‘C’ is also for Convolvulus. Several of you have been sending in records of the various colour forms of Field Bindweed, Convolvulus arvensis. Early indications are that f. arvensis (white) and f. pentarrhabdotus (5-pointed star) are the most frequent, while those having ‘tick’ marks round the yellow throat are the least frequent. The scores at the moment are: f. arvensis = 8 records; f. pentarrhabdotus = 8; f. perroseus = 4; f. pallidiroseus = 3; f. decarrhabdotus = 3; f. pallidinotatus = 2; f. notatus = 1; f. decemvulnerus = 1; f. pentastictus = 1; f. quinquevulnerus = 0. Needless to say, these ten forms can seem like points along a continuum of variation, with the pink of some flowers being very pale, and tick marks faint, while others are much more strongly marked. The f. perroseus is particularly striking, the flower usually being a very pretty deep pink with contrasting white ‘star’ in its centre. The f. pallidiroseus can be hard to separate from f. arvensis, the pink ‘flushing’ often being very pale; yet, put one of these barely-flushed flowers next to a pure white f. arvensis and you can immediately see the difference: f. arvensis is the colour of an ‘ice white’ polo shirt, whereas f. pallidiroseus is like the same polo shirt after it’s been through the wash with a pair of red socks. Also, I do wonder whether f. arvensis flowers tend to be slightly smaller than pallidiroseus?
‘D’ is for Carrot. Lots of records of Wild Carrot, Daucus carota, now, including Dee in her garden on the 1st, then at Clevedon Pill on the 7th, David H at East Quantoxhead on the 3rd, and Andrew at West Huntspill on the 5th.
‘E’. Hemp-agrimony, Eupatorium cannabinum, earlier today, on the bank of the river Tone beside Goodlands Gardens. I’d been watching it all week as it was ‘pinking up’, but only this morning did the first flowers begin to open. Also, following last week’s rain, Hoary Willowherb, Epilobium parviflorum, has finally begun to flower in Taunton; and a second record of Great Willowherb, E. hirsutum, this time in Brent Knoll village (Andrew). Oh yes, and a ‘first’, too, from Chris who has reported having seen Cross-leaved Heath, Erica tetralix, at Langford Heathfield on 26th May—so actually in Week 10. Very early! (Watson’s date for it was 23rd June.)
‘F’. Meadowsweet, Filipendula ulmaria, popping up everywhere now—even at Nettlecombe where first flowers were seen on the 10th.
‘G’. Galiums galore this week, with lots more records for verum, album, palustre and saxatile. Reed Sweet-grass, Glyceria maxima, like Brachypodium sylvaticum a rather ‘shy’ grass when it comes to exposing its anthers, is now beginning to flower along the canal in Taunton, near Firepool Weir. Panicles are nicely expanded, anyway.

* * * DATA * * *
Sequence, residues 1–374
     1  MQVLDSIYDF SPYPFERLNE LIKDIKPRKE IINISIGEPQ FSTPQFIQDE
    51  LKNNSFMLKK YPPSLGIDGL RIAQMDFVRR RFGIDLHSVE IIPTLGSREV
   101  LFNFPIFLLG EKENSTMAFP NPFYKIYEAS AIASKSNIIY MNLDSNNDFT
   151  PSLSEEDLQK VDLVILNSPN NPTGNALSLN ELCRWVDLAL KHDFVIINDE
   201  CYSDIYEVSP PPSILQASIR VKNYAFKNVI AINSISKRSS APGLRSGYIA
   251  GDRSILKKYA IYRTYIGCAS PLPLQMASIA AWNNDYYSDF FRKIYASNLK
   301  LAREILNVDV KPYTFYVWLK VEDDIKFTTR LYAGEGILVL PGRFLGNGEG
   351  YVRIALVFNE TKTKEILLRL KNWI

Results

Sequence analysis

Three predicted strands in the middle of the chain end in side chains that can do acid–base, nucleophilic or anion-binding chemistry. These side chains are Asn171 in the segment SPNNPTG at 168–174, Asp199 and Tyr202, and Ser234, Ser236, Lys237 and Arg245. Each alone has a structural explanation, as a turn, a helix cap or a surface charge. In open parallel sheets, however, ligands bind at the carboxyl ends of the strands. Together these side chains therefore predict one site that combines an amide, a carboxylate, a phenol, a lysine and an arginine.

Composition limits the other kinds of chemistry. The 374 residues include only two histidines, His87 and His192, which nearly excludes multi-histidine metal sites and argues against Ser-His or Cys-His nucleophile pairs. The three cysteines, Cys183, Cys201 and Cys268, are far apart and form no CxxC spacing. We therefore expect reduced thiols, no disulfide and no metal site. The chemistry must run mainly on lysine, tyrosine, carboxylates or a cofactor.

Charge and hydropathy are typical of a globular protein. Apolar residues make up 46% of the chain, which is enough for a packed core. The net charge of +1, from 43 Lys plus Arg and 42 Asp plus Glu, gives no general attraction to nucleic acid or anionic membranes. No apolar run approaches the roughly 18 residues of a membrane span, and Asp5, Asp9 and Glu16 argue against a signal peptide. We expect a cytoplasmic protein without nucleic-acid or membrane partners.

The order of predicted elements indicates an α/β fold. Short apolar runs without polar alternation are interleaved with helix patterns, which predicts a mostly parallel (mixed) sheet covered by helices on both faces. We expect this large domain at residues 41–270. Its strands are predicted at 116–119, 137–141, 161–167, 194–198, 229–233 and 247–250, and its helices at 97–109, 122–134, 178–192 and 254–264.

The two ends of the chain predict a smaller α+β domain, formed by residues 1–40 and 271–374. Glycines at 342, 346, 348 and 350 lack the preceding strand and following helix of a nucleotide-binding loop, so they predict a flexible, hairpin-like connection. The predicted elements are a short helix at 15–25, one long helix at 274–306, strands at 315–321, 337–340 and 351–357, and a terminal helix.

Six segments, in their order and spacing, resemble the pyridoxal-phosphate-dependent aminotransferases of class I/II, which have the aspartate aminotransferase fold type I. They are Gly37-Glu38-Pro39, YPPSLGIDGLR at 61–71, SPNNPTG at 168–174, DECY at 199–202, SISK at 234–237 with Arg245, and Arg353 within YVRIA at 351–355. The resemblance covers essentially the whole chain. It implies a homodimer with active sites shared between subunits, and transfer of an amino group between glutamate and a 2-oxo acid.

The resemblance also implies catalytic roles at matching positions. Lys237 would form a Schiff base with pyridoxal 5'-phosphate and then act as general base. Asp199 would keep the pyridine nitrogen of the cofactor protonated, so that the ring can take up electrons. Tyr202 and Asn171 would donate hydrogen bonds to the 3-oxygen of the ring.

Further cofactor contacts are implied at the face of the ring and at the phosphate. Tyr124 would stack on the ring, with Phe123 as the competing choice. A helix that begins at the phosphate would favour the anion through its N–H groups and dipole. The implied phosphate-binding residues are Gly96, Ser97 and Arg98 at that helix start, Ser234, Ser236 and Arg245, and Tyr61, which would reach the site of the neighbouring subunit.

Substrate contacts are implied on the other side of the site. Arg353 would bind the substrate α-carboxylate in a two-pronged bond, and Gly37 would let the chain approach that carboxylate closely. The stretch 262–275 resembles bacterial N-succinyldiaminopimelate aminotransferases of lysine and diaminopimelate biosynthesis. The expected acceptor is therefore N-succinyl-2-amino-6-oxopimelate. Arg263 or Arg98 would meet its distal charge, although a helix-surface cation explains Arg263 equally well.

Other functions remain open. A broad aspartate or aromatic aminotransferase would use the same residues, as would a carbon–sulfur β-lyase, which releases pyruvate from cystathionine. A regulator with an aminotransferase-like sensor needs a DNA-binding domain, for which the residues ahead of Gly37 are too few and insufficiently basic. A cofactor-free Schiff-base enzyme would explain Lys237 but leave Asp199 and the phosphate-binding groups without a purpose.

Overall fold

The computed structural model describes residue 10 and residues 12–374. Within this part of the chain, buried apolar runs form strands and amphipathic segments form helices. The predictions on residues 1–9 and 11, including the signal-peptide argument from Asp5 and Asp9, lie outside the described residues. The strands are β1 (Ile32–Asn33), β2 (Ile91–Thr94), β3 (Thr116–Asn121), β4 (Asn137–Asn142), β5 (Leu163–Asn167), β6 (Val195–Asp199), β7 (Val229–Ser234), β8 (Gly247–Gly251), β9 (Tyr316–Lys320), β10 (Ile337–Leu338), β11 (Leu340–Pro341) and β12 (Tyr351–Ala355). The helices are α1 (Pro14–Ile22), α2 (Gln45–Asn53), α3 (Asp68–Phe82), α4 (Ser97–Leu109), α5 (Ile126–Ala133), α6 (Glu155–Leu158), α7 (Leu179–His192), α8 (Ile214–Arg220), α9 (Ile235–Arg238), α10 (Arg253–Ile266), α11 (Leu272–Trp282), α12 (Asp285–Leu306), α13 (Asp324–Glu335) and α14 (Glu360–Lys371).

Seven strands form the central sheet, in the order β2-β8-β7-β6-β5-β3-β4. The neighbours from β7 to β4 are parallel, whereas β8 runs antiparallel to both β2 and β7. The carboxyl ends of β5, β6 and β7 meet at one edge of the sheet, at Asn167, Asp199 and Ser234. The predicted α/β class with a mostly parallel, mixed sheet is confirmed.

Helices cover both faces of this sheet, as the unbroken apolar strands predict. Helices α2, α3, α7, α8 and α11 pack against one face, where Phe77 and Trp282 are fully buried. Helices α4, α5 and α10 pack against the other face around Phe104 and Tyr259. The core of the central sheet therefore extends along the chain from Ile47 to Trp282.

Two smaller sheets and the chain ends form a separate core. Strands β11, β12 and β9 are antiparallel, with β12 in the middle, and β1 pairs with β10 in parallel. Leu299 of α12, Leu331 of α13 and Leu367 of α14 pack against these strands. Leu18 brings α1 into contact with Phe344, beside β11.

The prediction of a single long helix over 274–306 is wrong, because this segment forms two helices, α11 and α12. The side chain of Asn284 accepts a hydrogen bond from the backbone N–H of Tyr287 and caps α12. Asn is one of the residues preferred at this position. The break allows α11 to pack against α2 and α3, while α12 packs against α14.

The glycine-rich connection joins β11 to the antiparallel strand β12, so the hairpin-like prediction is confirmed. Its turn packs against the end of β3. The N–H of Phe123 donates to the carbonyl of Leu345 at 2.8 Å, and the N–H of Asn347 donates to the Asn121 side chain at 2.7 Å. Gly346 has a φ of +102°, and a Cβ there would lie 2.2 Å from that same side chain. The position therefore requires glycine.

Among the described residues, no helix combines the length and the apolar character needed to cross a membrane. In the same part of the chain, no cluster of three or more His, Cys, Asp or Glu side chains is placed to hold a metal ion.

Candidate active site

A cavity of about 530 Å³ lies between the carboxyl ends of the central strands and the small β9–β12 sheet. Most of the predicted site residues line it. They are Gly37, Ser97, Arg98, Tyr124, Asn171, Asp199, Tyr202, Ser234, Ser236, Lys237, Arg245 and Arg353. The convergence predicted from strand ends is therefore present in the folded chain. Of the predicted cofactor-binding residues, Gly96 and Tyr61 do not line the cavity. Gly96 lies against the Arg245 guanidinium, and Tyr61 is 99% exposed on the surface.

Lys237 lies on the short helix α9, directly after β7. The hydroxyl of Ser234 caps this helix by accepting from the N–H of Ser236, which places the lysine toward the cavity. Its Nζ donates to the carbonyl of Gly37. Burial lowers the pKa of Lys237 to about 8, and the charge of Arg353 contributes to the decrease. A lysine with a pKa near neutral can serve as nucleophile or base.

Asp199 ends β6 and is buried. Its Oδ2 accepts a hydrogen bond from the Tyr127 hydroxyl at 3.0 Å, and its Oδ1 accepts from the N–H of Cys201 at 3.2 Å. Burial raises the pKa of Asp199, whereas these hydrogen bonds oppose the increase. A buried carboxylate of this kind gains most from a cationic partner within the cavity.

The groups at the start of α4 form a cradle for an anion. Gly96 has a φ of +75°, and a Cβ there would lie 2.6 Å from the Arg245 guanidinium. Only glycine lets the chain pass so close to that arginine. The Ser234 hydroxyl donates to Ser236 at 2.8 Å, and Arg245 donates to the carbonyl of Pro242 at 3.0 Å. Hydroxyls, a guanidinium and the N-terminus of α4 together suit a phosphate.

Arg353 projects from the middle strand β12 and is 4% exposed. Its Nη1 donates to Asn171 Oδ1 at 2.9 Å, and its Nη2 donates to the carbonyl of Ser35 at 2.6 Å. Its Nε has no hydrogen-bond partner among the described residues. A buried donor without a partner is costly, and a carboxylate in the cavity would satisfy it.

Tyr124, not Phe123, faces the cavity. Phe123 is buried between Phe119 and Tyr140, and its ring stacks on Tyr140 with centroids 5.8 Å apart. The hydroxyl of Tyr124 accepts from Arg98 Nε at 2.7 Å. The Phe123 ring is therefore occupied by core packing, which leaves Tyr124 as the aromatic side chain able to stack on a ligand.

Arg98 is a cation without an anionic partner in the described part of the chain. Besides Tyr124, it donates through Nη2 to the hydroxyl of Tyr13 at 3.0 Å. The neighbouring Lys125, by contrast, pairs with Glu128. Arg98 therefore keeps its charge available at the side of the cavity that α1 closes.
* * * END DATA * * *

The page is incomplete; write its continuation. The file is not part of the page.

‘H’. It’s also been quite a week for St John’s-worts. Plenty more Hairy, H. hirsutum, and Perforate, H. perforatum; plus lots of first-flowering Slender, Hypericum pulchrum, including Georgina on the 5th at Blackmoor, Pat on the 7th at Greencombe, Linda on the 8th at Wivvy, and Chris at Langford Heathfield on the 9th.
‘I’. An early FFD for Ploughman’s-spikenard, Inula conyzae, was Andrew’s from Purn Hill on the 8th. The yellow variant of Stinking Iris, Iris foetidissima var. citrina, has also been spotted again, this time by Helena and Val at Great Breach Wood: “Interestingly, we first started seeing yellow ones on the slope above the former Monocot Nursery … but there was quite a bit on New Hill, further along the slope, mixed in with blue ones.” Which leaves me still wondering to what extent this variety might have been preferentially taken into cultivation, from where it has then got back out into the wild as a garden escape or throw-out.
‘J’. Not a first-flowerer, but we can’t pass this point in the alphabet without a nod to David H’s discovery in Leigh Woods on the 7th of Janetiella lemeei, a midge causing little wart-like galls on Wych Elm, Ulmus glabra. This appears to be a new county record of a species for which there is only a handful of GB records on the NBN. (With thanks to Simon Haarder, a Danish cecidologist/dipterist, and Keith Harris for confirming its identity.) David also had a couple of nice midge galls on Lime, Tilia sp., Contarinia tiliarum and Didymomyia tiliacea, the latter also, possibly, a ‘first’ for the county.
‘K’. Field Scabious, Knautia arvensis, was on our target list, but probably shouldn’t have been, since David H had seen it flowering at St George’s Flower Bank on 21st May (at start of Week 10), and Chris saw it in Langford Budville on 28th May (at start of Week 11). My own FFD, in Taunton, was on 5th June.
‘L’. One species that’s begun to spread in these parts recently is Great Lettuce, Lactuca virosa. Previously a real rarity in VC5, the first record for the Taunton area was Graham’s on the day of our ‘last week hunt’ at the end of October 2018, in the Silk Mills park-and-ride car park. In 2019 we found it to be quite abundant on road verges near the Somerset Heritage Centre. And this week, to my astonishment, I’ve seen it in two new roadside sites on Obridge Road, and close to the junction of Priorswood Road and Lyngford Road. The plants were flowering well, but more than anything it was the height of the plants that really impressed: they were massive, with the tallest attaining a height in excess of 3 metres. A plant with real chutzpah! (For Bog Pimpernel, Lysimachia tenella, you’ll have to go back to ‘A’.)